The information provided herein should not be used during any medical emergency or for the diagnosis or treatment of any medical condition. A licensed medical professional should be consulted for diagnosis and treatment of any and all medical conditions. Call 911 for all medical emergencies. Links to other sites are provided for information only — they do not constitute endorsementscof those other sites. © 1997–2011 A.D.A.M., Inc. Any duplication or distribution of the information contained herein is strictly prohibited.

Copyright © 2013, A.D.A.M., Inc.

A.D.A.M., Inc. is accredited by URAC, also known as the American Accreditation HealthCare Commission (www.urac.org). URAC's accreditation program is an independent audit to verify that A.D.A.M. follows rigorous standards of quality and accountability. A.D.A.M. is among the first to achieve this important distinction for online health information and services. Learn more about A.D.A.M.'s editorial policy, editorial process and privacy policy. A.D.A.M. is also a founding member of Hi-Ethics and subscribes to the principles of the Health on the Net Foundation (www.hon.ch).

The information provided herein should not be used during any medical emergency or for the diagnosis or treatment of any medical condition. A licensed medical professional should be consulted for diagnosis and treatment of any and all medical conditions. Call 911 for all medical emergencies. Links to other sites are provided for information only — they do not constitute endorsementscof those other sites. © 1997–2011 A.D.A.M., Inc. Any duplication or distribution of the information contained herein is strictly prohibited.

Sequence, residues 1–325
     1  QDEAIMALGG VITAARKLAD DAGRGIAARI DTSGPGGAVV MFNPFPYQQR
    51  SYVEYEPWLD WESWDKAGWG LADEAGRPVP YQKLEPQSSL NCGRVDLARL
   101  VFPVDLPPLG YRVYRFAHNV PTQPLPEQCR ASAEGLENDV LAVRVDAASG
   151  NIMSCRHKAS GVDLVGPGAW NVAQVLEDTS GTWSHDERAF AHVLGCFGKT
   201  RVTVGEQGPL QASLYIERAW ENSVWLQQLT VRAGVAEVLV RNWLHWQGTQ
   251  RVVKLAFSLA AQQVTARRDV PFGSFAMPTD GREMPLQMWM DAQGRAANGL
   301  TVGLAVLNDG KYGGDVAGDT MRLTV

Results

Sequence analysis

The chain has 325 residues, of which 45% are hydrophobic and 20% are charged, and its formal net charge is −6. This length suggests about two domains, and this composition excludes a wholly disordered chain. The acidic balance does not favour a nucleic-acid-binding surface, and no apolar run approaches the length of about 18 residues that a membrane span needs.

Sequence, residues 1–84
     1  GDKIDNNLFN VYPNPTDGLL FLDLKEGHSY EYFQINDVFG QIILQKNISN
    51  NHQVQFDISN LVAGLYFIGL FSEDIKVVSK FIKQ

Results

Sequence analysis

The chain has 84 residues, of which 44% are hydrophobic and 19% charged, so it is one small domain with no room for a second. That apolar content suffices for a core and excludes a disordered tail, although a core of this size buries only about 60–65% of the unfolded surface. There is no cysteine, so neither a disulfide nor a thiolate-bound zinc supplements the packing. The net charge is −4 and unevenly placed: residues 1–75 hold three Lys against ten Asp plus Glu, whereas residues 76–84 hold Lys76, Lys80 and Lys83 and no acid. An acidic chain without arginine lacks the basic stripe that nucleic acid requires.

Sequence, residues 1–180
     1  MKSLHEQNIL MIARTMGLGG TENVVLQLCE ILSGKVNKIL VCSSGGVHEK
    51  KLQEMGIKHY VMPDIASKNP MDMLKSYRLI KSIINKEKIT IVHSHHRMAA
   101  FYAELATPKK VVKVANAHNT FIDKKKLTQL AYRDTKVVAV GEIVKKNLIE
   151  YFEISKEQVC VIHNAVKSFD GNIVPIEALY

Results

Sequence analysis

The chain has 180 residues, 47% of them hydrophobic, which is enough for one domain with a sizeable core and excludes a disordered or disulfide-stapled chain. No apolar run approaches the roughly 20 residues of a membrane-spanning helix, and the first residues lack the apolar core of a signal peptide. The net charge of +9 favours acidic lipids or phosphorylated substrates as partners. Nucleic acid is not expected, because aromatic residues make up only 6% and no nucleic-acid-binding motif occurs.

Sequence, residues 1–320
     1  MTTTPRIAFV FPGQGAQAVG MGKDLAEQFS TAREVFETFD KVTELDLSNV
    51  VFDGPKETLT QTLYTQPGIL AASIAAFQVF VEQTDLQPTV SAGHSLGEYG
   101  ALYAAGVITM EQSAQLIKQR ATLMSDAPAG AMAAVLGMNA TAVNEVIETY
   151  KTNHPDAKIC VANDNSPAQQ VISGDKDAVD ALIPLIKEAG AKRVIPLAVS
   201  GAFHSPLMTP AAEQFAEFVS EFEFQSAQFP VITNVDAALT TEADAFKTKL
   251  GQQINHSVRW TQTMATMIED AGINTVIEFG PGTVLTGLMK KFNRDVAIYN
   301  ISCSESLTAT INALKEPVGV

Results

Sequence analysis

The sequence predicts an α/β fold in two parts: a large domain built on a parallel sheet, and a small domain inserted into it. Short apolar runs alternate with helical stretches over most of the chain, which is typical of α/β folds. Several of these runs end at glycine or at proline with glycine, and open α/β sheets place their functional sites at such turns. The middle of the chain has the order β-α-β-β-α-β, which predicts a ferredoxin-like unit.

Copyright © 2013, A.D.A.M., Inc.

What works?

  • Different regimens of intravenous sedatives or hypnotics for electroconvulsive therapy (ECT) in adult patients with depression
    Depression is a common mental disorder. It can present as loss of interest or pleasure, sadness, disturbed sleep or appetite, feelings of guilt or low self worth. In 2008, the World Health Organization (WHO) estimated that depression was the second leading cause of disability‐adjusted life‐years among all men and women between 15 and 44 years of age. The treatment of choice for severe and recurrent depression is electroconvulsive therapy (ECT). ECT involves the application of an electrical current to the patient's head. The aim is to induce a controlled convulsion. Patients usually undergo several sessions of ECT.
See all (156) ...

Figures

  • Central nervous system and peripheral nervous system.

PubMed Health Blog...

read all...

MedlinePlus.gov links to free, reliable, up-to-date health information from the National Institutes of Health (NIH) and other trusted health organizations.

Recent Activity

Your browsing activity is empty.

Activity recording is turned off.

Turn recording back on

See more...